When you are the most disappointing team in the league at 0-3 and staring down the barrel of 0-4—heck, maybe even 0-16 (OK, probably not, but you get my drift)—the last thing on anyone's mind is who takes the crown for the best player on the team.
And yet here I am rocking the boat, trying to figure out who takes said title. And I would argue that in the case of the New Orleans Saints, the reason the team is 0-3 is because the guy who should own that crown is not currently playing as he should. But that may be too much foreshadowing.
The point is that there are multiple players on the Saints roster who could take the title.
QB Drew Brees
As the highest-paid player in the NFL, it's not unreasonable to expect Brees to be the team's best player. Over the past six years, there was little doubt that Brees was far and away the team's best player.
Yet this season, it's not so cut and dry. Three games into the 2012 season, Brees is putting up yardage nearly equivalent to that of the previous six seasons in the Crescent City. Nine hundred and four yards puts him on pace for roughly 4,800 yards, which would be his third-finest season as a professional.
And this Sunday at Green Bay, he has a chance to tie Johnny Unitas for the most consecutive games throwing at least one touchdown. But his interception total (five) is much too high for an elite quarterback. His QB rating (77.0) and completion percentages are significantly below his career averages.
In short, his decision-making has been shoddy and accuracy all over the place. This is not the same Drew Brees we've seen the past six years leading Sean Payton's offense.
RB Pierre Thomas
Overlook the numbers in Pierre Thomas' case. This guy is the best player in the game that no one talks about. He is undoubtedly the most valuable player on the Saints offense.
He is a physical runner, which no one ever seems to give him any credit for. He has unbelievable balance. He is the best screen back in the game. He uses uncanny vision to read blocks and where defenders are going to be. He uses great balance and agility to get around those blocks and make exciting plays for the Saints.
Though the Saints rarely use him in such a way, he is a great short-yardage back because of his amazing pad level, balance and leg drive. He seems to run and play with a chip on his shoulder similar to Maurice Jones-Drew, who famously chose to wear No. 32 because he felt slighted that every team passed on him in the NFL draft.
Thomas was passed on by every team for the entire draft in 2007. The Saints were wise to bring him as an undrafted free agent that year, and the pick paid immediate dividends in the team's Week 5 win in Seattle in that 2007 season.
Since then, Thomas has continued to make big play after big play. But more than that, Thomas is the consummate professional and Mr. Reliable at the running back spot. His blitz pickup Sunday, one play after Mark Ingram failed to protect Drew Brees, was textbook. Thomas came all the way across the formation to get the rusher before he could get to Brees. In the process, he knocked the guy out.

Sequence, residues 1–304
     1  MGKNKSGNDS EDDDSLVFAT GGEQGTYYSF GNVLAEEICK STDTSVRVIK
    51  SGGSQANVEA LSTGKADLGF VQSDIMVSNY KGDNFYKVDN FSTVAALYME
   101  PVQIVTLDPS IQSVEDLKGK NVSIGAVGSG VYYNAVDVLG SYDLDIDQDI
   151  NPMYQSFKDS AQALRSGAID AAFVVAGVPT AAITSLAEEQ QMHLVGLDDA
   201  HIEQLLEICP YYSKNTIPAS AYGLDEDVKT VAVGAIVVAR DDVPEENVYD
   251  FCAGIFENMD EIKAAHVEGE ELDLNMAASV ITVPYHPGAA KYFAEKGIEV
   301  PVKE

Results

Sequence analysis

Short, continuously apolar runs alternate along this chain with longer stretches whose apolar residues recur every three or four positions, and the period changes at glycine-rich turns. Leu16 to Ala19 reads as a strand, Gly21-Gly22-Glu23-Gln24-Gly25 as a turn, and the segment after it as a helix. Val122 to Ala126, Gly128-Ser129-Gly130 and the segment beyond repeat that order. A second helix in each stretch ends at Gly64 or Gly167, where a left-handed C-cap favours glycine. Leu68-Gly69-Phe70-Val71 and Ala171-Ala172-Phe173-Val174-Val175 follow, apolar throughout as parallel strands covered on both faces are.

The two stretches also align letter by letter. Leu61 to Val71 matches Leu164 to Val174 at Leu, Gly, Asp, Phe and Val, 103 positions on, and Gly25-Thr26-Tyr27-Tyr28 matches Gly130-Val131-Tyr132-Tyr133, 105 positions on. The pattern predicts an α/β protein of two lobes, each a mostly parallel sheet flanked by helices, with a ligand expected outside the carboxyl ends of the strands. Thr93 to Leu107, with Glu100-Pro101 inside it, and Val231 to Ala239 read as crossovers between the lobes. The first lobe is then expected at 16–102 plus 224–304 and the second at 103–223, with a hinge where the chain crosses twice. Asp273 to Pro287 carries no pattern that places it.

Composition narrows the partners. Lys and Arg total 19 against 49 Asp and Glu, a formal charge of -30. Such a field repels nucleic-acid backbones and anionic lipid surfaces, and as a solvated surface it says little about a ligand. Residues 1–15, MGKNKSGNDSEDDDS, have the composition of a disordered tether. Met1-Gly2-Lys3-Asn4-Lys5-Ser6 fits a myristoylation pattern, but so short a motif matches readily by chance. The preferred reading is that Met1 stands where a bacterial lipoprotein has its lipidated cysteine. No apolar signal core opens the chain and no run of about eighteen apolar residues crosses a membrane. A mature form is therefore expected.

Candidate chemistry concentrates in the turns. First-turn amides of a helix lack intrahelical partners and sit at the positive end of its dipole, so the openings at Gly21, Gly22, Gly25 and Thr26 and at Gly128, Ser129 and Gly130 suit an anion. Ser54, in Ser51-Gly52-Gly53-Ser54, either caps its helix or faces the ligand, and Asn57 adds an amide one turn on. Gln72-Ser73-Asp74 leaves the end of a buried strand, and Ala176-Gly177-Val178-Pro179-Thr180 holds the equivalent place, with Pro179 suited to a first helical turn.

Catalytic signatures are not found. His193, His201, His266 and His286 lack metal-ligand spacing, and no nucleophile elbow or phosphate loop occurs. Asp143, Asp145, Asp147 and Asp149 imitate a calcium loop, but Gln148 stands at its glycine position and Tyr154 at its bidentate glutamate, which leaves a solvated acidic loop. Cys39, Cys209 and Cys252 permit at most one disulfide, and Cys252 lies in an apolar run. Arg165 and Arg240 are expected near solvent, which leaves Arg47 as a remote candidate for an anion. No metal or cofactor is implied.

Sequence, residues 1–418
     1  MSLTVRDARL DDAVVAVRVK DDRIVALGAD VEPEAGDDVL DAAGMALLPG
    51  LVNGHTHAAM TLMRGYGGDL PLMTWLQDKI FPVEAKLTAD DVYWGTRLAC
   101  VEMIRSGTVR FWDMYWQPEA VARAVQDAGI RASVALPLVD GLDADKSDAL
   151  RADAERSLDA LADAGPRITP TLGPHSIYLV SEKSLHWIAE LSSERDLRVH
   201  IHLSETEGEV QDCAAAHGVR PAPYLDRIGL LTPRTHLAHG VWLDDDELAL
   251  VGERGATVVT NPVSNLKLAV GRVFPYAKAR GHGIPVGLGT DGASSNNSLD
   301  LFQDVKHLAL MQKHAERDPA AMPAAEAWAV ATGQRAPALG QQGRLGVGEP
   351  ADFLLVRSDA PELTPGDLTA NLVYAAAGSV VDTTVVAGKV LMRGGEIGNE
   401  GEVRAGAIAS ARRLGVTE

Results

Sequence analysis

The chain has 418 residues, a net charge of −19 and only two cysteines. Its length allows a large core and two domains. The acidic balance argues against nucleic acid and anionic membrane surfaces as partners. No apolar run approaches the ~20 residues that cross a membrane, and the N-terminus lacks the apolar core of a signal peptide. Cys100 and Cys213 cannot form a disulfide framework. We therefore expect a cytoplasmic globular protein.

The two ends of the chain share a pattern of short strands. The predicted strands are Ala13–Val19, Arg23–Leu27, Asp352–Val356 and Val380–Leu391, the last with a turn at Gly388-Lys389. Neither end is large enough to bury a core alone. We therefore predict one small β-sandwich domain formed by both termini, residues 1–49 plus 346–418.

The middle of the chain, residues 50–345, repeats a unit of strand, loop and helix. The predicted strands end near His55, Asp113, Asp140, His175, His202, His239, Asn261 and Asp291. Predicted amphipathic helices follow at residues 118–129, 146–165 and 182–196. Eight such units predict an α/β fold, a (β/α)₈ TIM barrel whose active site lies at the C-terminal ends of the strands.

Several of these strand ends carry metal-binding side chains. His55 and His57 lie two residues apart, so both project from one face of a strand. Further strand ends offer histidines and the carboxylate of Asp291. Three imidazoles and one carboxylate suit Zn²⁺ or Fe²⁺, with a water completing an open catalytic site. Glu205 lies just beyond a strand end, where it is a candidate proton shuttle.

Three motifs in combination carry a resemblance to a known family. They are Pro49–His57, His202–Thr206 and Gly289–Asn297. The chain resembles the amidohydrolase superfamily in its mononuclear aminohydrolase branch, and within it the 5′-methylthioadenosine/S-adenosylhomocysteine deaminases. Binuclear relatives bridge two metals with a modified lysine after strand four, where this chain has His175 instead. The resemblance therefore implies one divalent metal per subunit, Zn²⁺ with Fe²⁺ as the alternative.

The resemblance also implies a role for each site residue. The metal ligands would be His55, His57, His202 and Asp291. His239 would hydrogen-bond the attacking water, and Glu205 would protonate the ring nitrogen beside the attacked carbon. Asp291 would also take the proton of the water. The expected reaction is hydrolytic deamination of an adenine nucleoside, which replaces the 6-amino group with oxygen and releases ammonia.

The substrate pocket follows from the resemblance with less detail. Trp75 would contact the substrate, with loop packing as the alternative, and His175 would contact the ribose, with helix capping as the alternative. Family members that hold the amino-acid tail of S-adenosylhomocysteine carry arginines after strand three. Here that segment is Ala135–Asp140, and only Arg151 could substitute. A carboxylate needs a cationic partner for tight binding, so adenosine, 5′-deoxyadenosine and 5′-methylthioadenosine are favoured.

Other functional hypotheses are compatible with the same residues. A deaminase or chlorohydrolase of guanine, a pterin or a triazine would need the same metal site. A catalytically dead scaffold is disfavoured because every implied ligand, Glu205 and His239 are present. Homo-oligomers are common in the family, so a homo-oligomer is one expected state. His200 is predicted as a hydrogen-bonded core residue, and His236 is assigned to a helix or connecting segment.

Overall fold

I could gush for hours about Pierre Thomas, but I'll stop for now. Just know Thomas is a great NFL running back.
TE Jimmy Graham
Jimmy Graham has three touchdowns in the season's first three games. In fact, Graham has basically picked up right where he left off in last season's playoff loss to San Francisco, where he did everything but decapitate 49ers defenders on his way to the end zone.
Graham has answered a few key questions from last season, such as "Can he play more physically?" and "Can he block?"
The answer to both is affirmative. Graham has shown he can hold his own in the running game as a blocker and actually has a clue what he's doing on the few occasions the team asks him to protect Brees instead of going out for a pass.
And the scary thing is that Graham can still get better.
DE Cameron Jordan
Though the second-year defensive end only has recorded one sack in the season's first three games, Cameron Jordan has found himself constantly around the opposing team's quarterback in 2012.
And though the rush defense has been awful for the Saints, Jordan has done his job on the majority of run plays he has seen. He regularly holds the point of attack and forces ball-carriers back inside where linebackers should be waiting to make the tackle.
It's sad that Jordan's efforts have mostly been wasted due to the poor play around him (especially at defensive tackle). Jordan has been the hands-down best defensive player on the team and could earn a Pro Bowl nod this season for his play.
The interesting thing about this particular list is that three of these four guys will probably find themselves in the Pro Bowl. Yet it's the one who likely will not make the Pro Bowl that actually lays claim to best player on the team.
That player is Pierre Thomas. Maybe my ranting and raving about him clued you into that selection.
Don't look at Thomas' numbers. (I've intentionally left them out of my argument.) Instead, watch each Saints game and tell me Thomas isn't the most influential player at any moment. If you can do that with a straight face, maybe I'll give you a cookie.
Finally, I must reiterate that at 0-3, this entire topic is kind of pointless. The Saints have been bad. But Thomas and, as we've seen, a few other guys have stood out through three Saints games in 2012.